Full Still Hungry, which premiered September 23, 2011 to a sold out Ford Amphitheatre in Los Angeles, CA. CONTRA-TIEMPO brings together Salsa, Afro-Cuban, urban and contemporary dance-theater, to create an invigorating blend of physically intense and politically astute performance work about food and consumption. Artistic director Ana Maria Alvarez states, "Food is not just the material I put in my body to sustain life - but a web of relationships, histories, choices, decisions that all impact the world around us." These complexities are brought to life through the company's evocative and eclectic movement approach with original music composed by co founder and resident composer, César Alvarez, and is performed live with a six piece band, of all star musicians. Whether you are devouring the fruit of Carmen's headpiece, indulging in Moros Y Cristianos (the Cuban version of black beans and rice), or tasting each performers' deeply personal connection to food and family, Full Still Hungry serves up a blend of both physical intensity with invigorating contemplations.
What audiences are saying about "Full Still Hungry"
" I was blown away. The narrative (as expressed in words, music, movement, costumes, lighting) translated into some of the most powerful dance theater I have ever experienced."
"I was impressed by the accessibility and total hybridization of dance, theater and music - allworking together to reach out and take hold of people's hearts"
" The work was distinctive, the company danced beautifully, the live music and stories were powerful. The space was magical"
" CONTRA-TIEMPO's FULL.STILL.HUNGRY is a master-work that combines emotionally charged choreography, sharp cultural commentary, and an unrelenting sense of humor"
FULL.STILL.HUNGRY is supported by a grant from The James Irvine Foundationand CounterPULSE's Performing Diaspora Program.. Special thanks to the Los Angeles County Board of Supervisors for their continuing support of the John Anson Ford Theatres, a County Regional Park operated by the Los Angeles County Arts Commission.
I Dream America is a 40-minute movement opera, which primarily seeks to engage the tensions, commonalities, strains and histories between the Black and Latino communities. Traversing the political landscape of immigration and Hurricane Katrina, I Dream America will investigate compassion and peace and paint a disarming and thought-provoking critique of contemporary life and injustice. Parts of the piece were debuted in Mexico as part of the Festival Internacional de Teatro de Los Angeles (FITLA). The first full performance of this work was debuted in Los Angeles at the Unknown Theater in July 2007. Between 2008-2010 the company performed the work in North Carolina, Georgia, New York, Washington D.C, Virginia, California, Washington DC, Cuba, Puerto Rico and Minnesota.
Ana Maria Alvarez’s first evening length piece, grew out of her thesis work at UCLA’s Department of World Arts & Cultures and gave root to CONTRA-TIEMPO as a socially engaged dance company. Salsa is a dance form that is rooted in Cuban and Puerto Rican cultural tradition. It is laden with social and political contradictions; a dance of resistance. Salsa is an improvisational form that is created and recreated with every new combination of people that dance it; a dance of change. Born from the fusion of African and Spanish musical influences, Salsa was originally created as a cultural voice and form of expression for working class people; a dance of the times. Salsa has always been a patriarchal dance form, in that men are leaders and women are followers. In more recent times, the over sexualized representations of women have gotten more extreme, especially in styles that have been popularized by ballroom dancing and Hollywood films. The cast of CONTRA-TIEMPO flips the script on who leads who... Together they move resistance from being adversarial to being the fundamental key for communication and empowerment between partners and for a people.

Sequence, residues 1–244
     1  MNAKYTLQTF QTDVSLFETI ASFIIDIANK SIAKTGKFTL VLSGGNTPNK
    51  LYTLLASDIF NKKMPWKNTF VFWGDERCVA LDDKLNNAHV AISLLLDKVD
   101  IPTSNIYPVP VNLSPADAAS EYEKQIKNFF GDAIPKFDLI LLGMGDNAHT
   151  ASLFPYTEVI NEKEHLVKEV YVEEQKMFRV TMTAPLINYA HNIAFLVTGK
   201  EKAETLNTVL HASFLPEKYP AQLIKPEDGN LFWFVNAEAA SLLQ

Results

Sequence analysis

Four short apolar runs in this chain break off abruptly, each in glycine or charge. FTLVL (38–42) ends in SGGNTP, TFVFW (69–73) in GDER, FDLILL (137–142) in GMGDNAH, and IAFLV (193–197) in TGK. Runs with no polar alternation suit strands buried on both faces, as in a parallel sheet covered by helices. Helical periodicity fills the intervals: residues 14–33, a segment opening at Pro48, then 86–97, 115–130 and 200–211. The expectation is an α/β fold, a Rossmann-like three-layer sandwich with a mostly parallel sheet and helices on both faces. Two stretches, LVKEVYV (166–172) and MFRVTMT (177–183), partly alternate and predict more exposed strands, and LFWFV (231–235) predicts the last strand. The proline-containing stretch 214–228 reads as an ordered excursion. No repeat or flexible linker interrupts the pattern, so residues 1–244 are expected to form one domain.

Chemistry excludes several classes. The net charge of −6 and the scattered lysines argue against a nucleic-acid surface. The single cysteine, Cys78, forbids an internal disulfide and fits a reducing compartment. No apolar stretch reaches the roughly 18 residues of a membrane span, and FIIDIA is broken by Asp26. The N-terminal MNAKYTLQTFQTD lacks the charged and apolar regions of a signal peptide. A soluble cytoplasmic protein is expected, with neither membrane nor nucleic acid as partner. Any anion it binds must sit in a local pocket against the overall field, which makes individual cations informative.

The Duet is a piece about power. An audience favorite, it captures beautifully the humorous and sometimes frustrating opposition between fighting and giving in. The piece can be performed alone or as part of AGAINST THE TIMES.
A work commissioned in 2008 by New Dance at Saint Joseph Ballet in Orange County - this piece is set on the MEN of CONTRA-TIEMPO and is a fierce display of the company's signature Urban Latin Dance Theater physicality and strength. Six men dance, crash, lift, fall, throw and explode the intersections and contradictions of manhood, survival and community within the context of war.
Articles written about this piece:
A work created for CELEBRATE DANCE 2008 - Produced by Jamie Nichols. This piece is a comic and grotesque commentary on the 'Plastic' facade of Salsa. A dance form that started as a voice for regular people and an expression of history, power and opinions, has been transformed into a de-politicized, hyper-sexual exaggeration of the Latino body.